QUE marketing inspires QUE?

However desperately I want it to work, I confess to being hugely underwhelmed by the website for Plastic Logic’s QUE. Compare the demo video with Berg’s spectacular work for Bonnier. By comparison, the Que looks monochrome, clunky, and ancient.

And wasn’t the whole point – I mean the whole point – of the Que that the lightweight plastic machine meant the experience of it was much more akin to consuming real paper-based products? This isn’t even mentioned. Oh dear.

What we seem to have here is a tablet, not plastic paper. And a tablet which is monochrome, limited in interactivity, and with a stupid name that I don’t know how to pronounce. Oh double dear.

QUE proReader.

Capitalism, red in tooth and claw

There’s a fairly scandalous little story in the NY Tiomes this morning:

During her walks down 35th Street, Ms. Magnus said, it is more common to find destroyed clothing in the H & M trash. On Dec. 7, during an early cold snap, she said, she saw about 20 bags filled with H & M clothing that had been cut up.

“Gloves with the fingers cut off,” Ms. Magnus said, reciting the inventory of ruined items. “Warm socks. Cute patent leather Mary Jane school shoes, maybe for fourth graders, with the instep cut up with a scissor. Men’s jackets, slashed across the body and the arms. The puffy fiber fill was coming out in big white cotton balls.” The jackets were tagged $59, $79 and $129.

via About New York – Clothes Discarded by H and M in Manhattan Are First Destroyed – NYTimes.com.

Ironically, Americans are better than most at coming up with solutions to these matters. In this case, a Swedish company operating in the most capitalist city on the planet comes away looking like a tawdry bunch of unfeeling moneygrabbers. Sack the CSR exec, I would.

Teaching: it’s about teachers

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I’ve been reading Amanda Ripley’s piece in the Atlantic Monthly about the work of Teach for America, a charity which funds successful college graduates in the States to work in challenging schools for two years after graduation. Teach for America has pioneered the assessment of individual teachers thanks to its access to data about teachers in its programme, and has learned (apparently quite recently, in the last decade) that the individual qualities of the teachers themselves have dramatically greater impact on children’s achievement than any other factor, far more so than even the socioeconomic circumstances of those children, which had been assumed (in America, at least) to have been the single biggest issue.

Even more importantly, these qualities can be described and identified in the recruitment process. They include relentlessness (aka “grit”) and, perhaps most resonantly for this most unionised of middle-class professions, a tendency to see problems as being within oneself rather than in the system:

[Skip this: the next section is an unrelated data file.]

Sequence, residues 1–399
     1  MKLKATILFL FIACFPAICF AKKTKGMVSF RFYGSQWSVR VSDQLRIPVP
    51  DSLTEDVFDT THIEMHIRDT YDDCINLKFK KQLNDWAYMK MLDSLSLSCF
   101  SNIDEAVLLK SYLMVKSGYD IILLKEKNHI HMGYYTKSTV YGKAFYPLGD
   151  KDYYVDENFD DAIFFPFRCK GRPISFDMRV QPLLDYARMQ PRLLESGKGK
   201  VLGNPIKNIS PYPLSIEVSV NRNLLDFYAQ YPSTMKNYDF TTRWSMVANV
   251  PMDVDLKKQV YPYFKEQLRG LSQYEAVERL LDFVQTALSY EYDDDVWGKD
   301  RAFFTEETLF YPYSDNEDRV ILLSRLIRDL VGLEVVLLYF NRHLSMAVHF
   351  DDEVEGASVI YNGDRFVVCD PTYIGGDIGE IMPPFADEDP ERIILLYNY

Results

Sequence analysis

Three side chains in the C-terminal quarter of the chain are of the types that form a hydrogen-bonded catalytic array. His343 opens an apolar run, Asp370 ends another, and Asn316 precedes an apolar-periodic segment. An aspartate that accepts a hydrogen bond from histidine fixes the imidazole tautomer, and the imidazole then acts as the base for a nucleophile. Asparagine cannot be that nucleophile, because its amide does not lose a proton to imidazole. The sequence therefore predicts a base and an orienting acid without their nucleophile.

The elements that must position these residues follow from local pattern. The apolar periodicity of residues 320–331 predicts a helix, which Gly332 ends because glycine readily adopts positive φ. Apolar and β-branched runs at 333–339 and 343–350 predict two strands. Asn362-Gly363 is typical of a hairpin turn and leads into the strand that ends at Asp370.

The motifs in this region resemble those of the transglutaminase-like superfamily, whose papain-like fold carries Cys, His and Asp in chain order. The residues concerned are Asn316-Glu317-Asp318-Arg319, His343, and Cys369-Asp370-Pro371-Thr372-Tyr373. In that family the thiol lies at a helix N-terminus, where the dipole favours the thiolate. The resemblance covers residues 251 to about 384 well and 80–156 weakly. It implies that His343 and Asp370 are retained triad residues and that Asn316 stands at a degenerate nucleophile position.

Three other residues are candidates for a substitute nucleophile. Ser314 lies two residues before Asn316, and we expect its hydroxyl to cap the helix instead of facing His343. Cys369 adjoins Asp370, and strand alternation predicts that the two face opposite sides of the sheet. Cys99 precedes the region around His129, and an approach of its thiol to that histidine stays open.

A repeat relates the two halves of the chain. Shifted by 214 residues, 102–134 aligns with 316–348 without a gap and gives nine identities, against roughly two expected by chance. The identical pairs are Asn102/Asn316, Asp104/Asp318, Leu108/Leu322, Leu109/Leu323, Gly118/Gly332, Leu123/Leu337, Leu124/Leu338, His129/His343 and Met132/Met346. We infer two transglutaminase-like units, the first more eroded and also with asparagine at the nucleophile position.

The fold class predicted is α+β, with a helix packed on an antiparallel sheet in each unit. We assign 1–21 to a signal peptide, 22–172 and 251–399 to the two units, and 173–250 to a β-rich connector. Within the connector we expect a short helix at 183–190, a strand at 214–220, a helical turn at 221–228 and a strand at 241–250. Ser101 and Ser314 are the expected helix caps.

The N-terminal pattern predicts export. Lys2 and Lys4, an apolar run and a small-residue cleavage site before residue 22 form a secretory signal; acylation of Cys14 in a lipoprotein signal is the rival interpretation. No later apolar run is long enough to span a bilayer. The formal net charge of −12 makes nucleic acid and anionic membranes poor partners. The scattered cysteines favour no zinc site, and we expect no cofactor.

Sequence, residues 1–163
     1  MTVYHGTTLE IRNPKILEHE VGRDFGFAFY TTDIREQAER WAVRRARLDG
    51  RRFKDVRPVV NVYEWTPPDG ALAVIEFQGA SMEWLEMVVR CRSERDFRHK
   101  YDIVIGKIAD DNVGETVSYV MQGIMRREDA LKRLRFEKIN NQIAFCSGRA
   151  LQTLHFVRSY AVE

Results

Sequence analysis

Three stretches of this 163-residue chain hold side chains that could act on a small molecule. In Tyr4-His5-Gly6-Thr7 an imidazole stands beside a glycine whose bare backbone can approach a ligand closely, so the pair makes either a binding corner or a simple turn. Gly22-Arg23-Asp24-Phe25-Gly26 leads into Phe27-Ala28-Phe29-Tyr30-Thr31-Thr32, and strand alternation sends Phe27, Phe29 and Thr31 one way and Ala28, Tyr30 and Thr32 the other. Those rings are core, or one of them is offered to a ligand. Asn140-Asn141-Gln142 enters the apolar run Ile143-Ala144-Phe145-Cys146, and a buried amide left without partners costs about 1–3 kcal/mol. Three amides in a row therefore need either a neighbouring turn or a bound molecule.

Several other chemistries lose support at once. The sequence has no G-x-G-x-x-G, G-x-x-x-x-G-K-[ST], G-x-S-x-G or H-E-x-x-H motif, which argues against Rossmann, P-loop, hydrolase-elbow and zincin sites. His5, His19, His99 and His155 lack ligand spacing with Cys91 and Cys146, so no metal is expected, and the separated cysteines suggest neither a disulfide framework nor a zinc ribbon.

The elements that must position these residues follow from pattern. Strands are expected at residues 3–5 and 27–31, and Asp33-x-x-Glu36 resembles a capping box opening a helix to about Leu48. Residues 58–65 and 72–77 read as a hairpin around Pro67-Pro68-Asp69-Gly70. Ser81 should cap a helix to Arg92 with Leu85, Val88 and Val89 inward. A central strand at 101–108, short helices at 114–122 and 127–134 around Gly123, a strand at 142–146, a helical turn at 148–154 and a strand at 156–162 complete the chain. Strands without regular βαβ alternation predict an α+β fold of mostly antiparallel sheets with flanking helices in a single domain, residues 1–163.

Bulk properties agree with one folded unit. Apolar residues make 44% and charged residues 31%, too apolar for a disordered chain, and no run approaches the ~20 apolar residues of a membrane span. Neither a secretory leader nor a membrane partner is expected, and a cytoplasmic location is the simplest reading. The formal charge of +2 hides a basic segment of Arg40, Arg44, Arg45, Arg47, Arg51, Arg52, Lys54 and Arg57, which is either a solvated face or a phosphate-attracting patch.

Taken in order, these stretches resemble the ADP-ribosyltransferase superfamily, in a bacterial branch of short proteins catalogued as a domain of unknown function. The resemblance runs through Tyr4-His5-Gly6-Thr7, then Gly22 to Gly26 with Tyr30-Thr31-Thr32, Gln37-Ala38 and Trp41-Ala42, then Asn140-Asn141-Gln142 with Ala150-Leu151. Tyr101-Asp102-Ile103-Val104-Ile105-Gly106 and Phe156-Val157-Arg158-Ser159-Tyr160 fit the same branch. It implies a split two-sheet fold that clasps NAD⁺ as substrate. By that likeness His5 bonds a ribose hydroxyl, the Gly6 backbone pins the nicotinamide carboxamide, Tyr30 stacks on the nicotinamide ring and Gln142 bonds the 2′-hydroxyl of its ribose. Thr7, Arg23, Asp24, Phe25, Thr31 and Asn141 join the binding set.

Other teachers I interviewed spent most of our time complaining. “With the testing and the responsibility and keeping up with the behavior reports and the data, it has gotten so much harder over the years,” said one fourth-grade teacher at Kimball, the same school where Mr. Taylor teaches. “It’s more work than it should be. They don’t give us the time to be creative.”

A 23-year veteran who earns more than $80,000 a year, this teacher has a warm manner, and her classroom is bright and neat. She paid for the kids’ whiteboards, the clock, and the DVD player herself. But she seems to have given up on the kids’ prospects in a way that Mr. Taylor has not. “The kids in Northwest [D.C.] go on trips to France, on cruises. They go places and their parents talk to them and take them to the library,” she says one fall afternoon between classes. “Our parents on this side don’t have the know-how to raise their children. They’re not sure what it takes for their child to make it.”

When her fourth-grade students entered her class last school year, 66 percent were scoring at or above grade level in reading. After a year in her class, only 44 percent scored at grade level, and none scored above. Her students performed worse than fourth-graders with similar incoming scores in other low-income D.C. schools. For decades, education researchers blamed kids and their home life for their failure to learn. Now, given the data coming out of classrooms like Mr. Taylor’s, those arguments are harder to take. Poverty matters enormously. But teachers all over the country are moving poor kids forward anyway, even as the class next door stagnates. “At the end of the day,” says Timothy Daly at the New Teacher Project, “it’s the mind-set that teachers need—a kind of relentless approach to the problem.”